The 50 Weirdest Films Ever Made

In conventional cinema, films follow a certain recognisable narrative: there will be a start, a middle and a end; a hero, a sidekick, and a villain; a theme of great significance that can help its audience navigate and identify with what its creator is trying to say.

And yet, not all films follow these tried and tested rules. Indeed, there’s a certain breed of cinema resting at the edges of mainstream society that throw all of these guidelines out of the window. Rather than get from Point A to Point B in the most linear way possible, these films defy all logic in their attempts to create the most baffling, surreal and disturbing cinematic journey as possible.

While these films aren’t for everybody, the following 50 examples of pure insanity will give you an experience like nothing else on the screen.

50. Rubber
Quentin Dupieux, 2010

As it makes abundantly clear from the word go, Rubber is designed to make as little sense as possible. Told from the point of view of a sentient car tire in the middle of a killing spree, everything in the film defies logic and causality while also thumbing its nose at any viewer trying to find some meaning in the nonsense. While its sense of mischief errs on the self-satisfied side, Quentin Dupieux’s – AKA Mr. Oizo’s – Rubber is still crazy enough to warrant a mention here.

49. Safe
Todd Haynes, 1995

A housewife in 1980’s America develops symptoms of a disease that defies any medical condition. After all options have been tested, it becomes clear that the woman’s body is rejecting modern life itself. So goes the plot of Safe, Todd Haynes’ quietly discomforting examination of Reagan-era America that reimagines the comfort of suburbia as a toxic wasteland. Most disturbing of all is the treatment facility that Julianne Moore’s Carol eventually finds herself confined to – a cult-like prison where one hypo-sensitive inhabitant has let their symptoms contort them out of all but the slightest human semblance.

48. Logan’s Run
Michael Anderson, 1976

Sci-fi reached a point of peak pessimism in the 1970s. And few films convey the hopelessness of the post-apocalypse quite as memorably as Logan’s Run. Set in a civilisation where its inhabitants have only 30 years to live before they face euthanasia in a ceremony called “Carrousel,” Logan’s Run is as kitschy as they come. But its delivery is filled with an abundance of weird and wonderful moments not least the appearance of a killer robot hell bent on freezing humans for food.

47. Alice
Jan Švankmajer, 1988

Lewis Carroll’s Alice in Wonderland was already strange enough. But in the hands of surreal stop-motion animator Jan Švankmajer, the story gets elevated to all new heights of insanity. Swapping out the novel’s quaint and cuddly critters for a menagerie of glassy eyed stuffed animals, Švankmajer’s Alice is a display of abject creepiness that takes Carroll’s whimsical oddity into unsettling waters the likes of which Disney would never set a paddle in.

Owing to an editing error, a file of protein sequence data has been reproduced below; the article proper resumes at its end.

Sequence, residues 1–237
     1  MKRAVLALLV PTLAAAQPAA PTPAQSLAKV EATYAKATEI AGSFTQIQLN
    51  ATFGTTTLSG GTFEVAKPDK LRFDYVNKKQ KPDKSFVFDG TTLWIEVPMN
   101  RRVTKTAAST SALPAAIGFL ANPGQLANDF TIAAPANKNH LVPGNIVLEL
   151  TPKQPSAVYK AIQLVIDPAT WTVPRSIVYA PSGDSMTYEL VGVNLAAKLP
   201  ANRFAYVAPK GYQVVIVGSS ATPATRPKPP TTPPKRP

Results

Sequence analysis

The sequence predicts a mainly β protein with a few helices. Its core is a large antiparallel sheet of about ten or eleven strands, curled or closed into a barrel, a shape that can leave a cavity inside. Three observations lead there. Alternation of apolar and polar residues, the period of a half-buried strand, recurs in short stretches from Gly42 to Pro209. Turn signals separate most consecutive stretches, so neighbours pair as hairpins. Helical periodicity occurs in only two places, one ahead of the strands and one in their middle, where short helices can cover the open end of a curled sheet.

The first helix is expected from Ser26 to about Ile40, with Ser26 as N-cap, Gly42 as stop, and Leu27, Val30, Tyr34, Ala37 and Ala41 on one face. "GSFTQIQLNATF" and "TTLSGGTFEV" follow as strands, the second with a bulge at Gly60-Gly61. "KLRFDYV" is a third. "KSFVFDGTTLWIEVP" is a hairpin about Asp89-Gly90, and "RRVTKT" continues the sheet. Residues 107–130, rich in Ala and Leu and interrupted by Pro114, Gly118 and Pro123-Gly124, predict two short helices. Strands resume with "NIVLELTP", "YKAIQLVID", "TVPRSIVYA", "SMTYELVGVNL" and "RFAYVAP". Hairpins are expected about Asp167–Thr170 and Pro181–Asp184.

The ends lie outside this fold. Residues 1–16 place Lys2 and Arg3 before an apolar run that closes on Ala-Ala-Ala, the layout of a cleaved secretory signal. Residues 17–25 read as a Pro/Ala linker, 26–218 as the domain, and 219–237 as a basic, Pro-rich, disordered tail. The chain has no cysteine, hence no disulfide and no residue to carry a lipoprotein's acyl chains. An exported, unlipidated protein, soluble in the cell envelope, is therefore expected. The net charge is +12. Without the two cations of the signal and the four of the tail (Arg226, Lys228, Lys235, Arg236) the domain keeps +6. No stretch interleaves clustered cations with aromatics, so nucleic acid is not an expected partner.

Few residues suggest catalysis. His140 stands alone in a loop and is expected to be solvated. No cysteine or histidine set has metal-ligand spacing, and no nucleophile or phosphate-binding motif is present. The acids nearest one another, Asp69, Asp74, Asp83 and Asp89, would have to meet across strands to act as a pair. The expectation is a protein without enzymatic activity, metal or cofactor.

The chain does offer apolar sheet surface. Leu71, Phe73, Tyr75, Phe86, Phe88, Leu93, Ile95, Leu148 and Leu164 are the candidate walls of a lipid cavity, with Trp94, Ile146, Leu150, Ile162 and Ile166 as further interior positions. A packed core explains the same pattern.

46. La Grande Bouffe
Marco Ferreri, 1973

Four childhood friends lock themselves into a country house with some prostitutes and enough food to last themselves several years. From there, they proceed to feast on sex, wine and cuisine with the sole aim of eating themselves to death. Killing themselves just because they can, the group in La Grande Bouffe are the ultimate example of decadence reaching its natural endpoint. And when their time eventually comes, its done in the most fittingly disgusting way possible.

45. The Cabinet of Dr. Caligari
Robert Weine, 1919

An influential piece of early cinema, The Cabinet of Dr. Caligari was breaking rules just as they were being made. And while the film’s narrative structure is unusual enough, it’s not the main reason why this German silent classic is fondly remembered. Rather, it’s the way its Expressionist sets transformed the picture into a moving Edvard Munch painting that made it so ahead of its time. In turn, it paved the way for film noir and any cinematographer who’s ever played with light and shadow.

44. The Tenant
Roman Polanski, 1976

Tenement housing provided the basis for Roman Polanski’s first two major chillers Repulsion and Rosemary’s Baby and with The Tenant the filmmaker followed up this theme of living just doors away from certain death. Both acting and directing, the controversial filmmaker here plays a character slowly slipping into madness as he begins to suspect his neighbours had a hand in the previous occupant of his flat’s death. What follows next is a totally unhinged performance as his fears come into violent fruition.

43. A Page of Madness
Teinosuke Kinugasa, 1926

The result of likeminded artists living and working in Japan in the 1920s, A Page of Madness was made with the intent of introducing new perceptions to narrative cinema. In doing so, director Teinosuke Kinugasa created a film replete with a haunting atmosphere and lingering sense of dread. Set in a mental institution, A Page of Madness looks at the world through the eyes of a madman and all the waking nightmares that this state brings with it.

42. In Fabric
Peter Strickland, 2018

One part Mike Leigh and one part Suspiria, In Fabric is perhaps Peter Strickland’s barmiest outing to date. In this tale of a possessed dress that brings dire luck to those who wear it, the director tips his hat to Giallo while pulling his characters into a world where mysticism and the humdrum of suburban life sit side by side – where something as banal as washing machine repair instructions can send those who hear it into a psycho-sexual trance.